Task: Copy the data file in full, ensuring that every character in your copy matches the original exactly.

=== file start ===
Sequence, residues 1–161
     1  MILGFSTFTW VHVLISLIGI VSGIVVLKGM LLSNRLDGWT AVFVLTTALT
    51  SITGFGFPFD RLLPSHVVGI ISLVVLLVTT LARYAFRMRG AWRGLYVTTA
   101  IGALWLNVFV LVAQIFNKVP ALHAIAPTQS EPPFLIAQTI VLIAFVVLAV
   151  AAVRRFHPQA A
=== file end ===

Sequence, residues 1–161
     1  MILGFSTFTW VHVLISLIGI VSGIVVLKGM LLSNRLDGWT AVFVLTTALT
    51  SITGFGFPFD RLLPSHVVGI ISLVVLLVTT LARYAFRMRG AWRGLYVTTA
   101  IGALWLNVFV LVAQIFNKVP ALHAIAPTQS EPPFLIAQTI VLIAFVVLAV
   151  AAVRRFHPQA A